Probabilistic linguistics, with its emphasis on redundant, usage-based data, is of course in clear opposition to theories that emphasize a minimal set of non-redundant rules, in particular the Minimalist Program (Chomsky 1995). Yet, even there we may (p. 691) observe a converging trend. In their well-known paper, Hauser et al. (2002) claim that the core language faculty comprises just recursion and nothing else. If we take this idea seriously, then U-DOP may be the first computational model that instantiates it. U-DOP’s trees encode the ultimate notion of recursion where every label can be recursively substituted for any other label. All else is statistics.
28.7 Conclusion
Probabilistic linguistics takes all linguistic evidence as positive evidence and lets statistics decide. It allows for accurate modeling of gradient phenomena in production and perception, and suggests that rule-like behavior is no more than a side effect of maximizing probability. Rules still appear in the scientific discourse but are not part of knowledge of language. According to this view, linguistic competence would consist not of a collection of succinctly represented generalizations that characterize a language; rather, competence may be nothing more than probabilistically organized memories of prior linguistic experiences.
We have seen that probabilistic models of language suggest that there is a single model for both language use and language acquisition. Yet these models need a definition of linguistic representation to start with, be it a phrase-structure tree or a functional attribute-value matrix. On this account, the central concern of linguistics would not be finding Universal Grammar but defining a Universal Representation for linguistic experiences that should apply to all languages. If there is anything innate in the human language faculty, it is this Universal Representation for linguistic experiences together with the capacity to take apart and recombine these experiences. (p. 692)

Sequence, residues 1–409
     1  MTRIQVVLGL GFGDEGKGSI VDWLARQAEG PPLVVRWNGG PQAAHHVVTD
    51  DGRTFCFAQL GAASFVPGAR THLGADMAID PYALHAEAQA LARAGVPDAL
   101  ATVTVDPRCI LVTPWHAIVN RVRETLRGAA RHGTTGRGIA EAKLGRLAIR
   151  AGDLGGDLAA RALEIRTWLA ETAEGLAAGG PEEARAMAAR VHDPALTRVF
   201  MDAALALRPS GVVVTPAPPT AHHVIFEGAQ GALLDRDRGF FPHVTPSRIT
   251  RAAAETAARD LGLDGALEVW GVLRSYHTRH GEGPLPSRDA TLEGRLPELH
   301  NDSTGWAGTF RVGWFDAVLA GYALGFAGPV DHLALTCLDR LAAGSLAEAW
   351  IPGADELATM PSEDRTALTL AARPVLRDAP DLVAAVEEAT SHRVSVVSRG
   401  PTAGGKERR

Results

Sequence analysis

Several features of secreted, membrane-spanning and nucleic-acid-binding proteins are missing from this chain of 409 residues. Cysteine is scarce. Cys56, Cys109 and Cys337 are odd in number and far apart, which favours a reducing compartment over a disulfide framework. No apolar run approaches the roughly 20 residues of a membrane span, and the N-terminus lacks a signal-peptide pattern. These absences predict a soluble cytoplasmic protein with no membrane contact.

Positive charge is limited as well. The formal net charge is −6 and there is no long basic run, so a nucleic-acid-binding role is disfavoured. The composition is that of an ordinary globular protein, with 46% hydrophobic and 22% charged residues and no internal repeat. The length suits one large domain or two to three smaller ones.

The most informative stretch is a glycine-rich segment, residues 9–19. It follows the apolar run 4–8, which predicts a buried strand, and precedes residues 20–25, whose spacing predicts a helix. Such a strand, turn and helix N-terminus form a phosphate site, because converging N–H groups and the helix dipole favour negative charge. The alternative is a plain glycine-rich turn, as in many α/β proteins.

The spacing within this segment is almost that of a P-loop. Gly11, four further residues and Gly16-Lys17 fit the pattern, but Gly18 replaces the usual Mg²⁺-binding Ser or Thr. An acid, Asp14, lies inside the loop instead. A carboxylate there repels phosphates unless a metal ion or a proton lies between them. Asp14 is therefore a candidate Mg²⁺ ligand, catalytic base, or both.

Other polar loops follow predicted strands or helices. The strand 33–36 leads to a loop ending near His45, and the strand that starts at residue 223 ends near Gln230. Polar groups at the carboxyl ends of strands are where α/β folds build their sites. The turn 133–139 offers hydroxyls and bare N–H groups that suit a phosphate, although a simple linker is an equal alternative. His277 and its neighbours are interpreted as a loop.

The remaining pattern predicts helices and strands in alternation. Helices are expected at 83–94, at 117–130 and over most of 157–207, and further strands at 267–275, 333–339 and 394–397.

Notes:
Many of the ideas presented in this chapter emerged from joint work carried out during the last fifteen years with (in chronological order): Remko Scha, Khalil Sima’an, Ronald Kaplan, Menno van Zaanen, Boris Cormons, Andyway, Jennifer Hay, Stefanie Jannedy, Willem Zuidema, Gideon Borensztajn, Dave Cochran, Stefan Frank, and others. I am very grateful to all of them. Of course, any Remaining errors in this chapter are entirely my responsibility. This work was partly funded by the Netherlands Organization for Scientific Research (NWO).
(^{1}) In Bod (2009), we also propose a further extension of U-DOP which takes into account the shortest derivation as well.
(^{2}) Crain and Nakayama (1987) found that children never produced the incorrect form (9). But in a more detailed experiment on eliciting auxiliary fronting questions from children, Ambridge et al. (2008) found that the correct form was produced 26.7% of the time, the incorrect form in (9) was produced 4.55% of the time, and auxiliary doubling errors were produced 14.02% of the time. The other produced questions corresponded to shorter forms of the questions, unclassified errors, and other excluded responses.
(^{3}) We are implicitly assuming a DOP model which computes the most probable sentence given a certain meaning to be conveyed, such as in Bonnema et al. (1997) and Bod (1998).